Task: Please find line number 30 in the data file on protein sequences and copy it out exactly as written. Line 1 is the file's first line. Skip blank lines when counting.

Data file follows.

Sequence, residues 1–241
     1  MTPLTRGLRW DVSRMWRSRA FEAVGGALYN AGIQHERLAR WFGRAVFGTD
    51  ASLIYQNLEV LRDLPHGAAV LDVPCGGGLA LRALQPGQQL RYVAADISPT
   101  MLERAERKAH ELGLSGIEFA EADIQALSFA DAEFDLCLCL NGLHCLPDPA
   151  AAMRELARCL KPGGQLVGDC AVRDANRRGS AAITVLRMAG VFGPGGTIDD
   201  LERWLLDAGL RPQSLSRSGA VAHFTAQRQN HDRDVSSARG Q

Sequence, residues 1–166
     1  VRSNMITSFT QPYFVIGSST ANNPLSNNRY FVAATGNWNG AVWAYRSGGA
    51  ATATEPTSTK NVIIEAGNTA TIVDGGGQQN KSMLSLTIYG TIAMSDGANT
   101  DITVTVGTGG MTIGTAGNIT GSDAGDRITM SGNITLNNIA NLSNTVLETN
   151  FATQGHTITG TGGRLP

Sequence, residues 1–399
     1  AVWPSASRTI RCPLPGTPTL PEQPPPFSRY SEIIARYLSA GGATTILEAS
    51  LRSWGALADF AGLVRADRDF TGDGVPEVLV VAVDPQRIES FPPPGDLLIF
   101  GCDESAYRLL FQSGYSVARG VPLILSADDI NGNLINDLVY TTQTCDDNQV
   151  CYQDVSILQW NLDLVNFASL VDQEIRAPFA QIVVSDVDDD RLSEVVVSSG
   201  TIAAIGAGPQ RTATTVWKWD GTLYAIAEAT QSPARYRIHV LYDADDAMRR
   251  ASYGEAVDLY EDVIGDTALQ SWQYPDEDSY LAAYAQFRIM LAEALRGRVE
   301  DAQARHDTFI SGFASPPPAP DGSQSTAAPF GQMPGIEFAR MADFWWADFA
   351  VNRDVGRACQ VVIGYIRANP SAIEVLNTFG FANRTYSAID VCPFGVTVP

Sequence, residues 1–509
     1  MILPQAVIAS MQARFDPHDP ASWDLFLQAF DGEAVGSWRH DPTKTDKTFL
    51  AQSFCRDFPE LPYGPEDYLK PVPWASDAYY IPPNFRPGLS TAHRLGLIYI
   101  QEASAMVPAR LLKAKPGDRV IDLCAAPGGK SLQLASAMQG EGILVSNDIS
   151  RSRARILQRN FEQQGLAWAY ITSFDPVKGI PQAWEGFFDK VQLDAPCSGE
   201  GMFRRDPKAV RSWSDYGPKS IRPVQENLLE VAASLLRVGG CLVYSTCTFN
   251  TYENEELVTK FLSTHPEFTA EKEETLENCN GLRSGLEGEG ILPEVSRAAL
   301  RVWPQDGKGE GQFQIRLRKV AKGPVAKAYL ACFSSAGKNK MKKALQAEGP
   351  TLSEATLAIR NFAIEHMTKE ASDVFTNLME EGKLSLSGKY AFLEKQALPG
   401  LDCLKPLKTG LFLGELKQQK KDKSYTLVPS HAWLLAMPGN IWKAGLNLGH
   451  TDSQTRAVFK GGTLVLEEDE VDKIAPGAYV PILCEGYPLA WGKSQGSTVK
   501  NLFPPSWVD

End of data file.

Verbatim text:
   401  LDCLKPLKTG LFLGELKQQK KDKSYTLVPS HAWLLAMPGN IWKAGLNLGH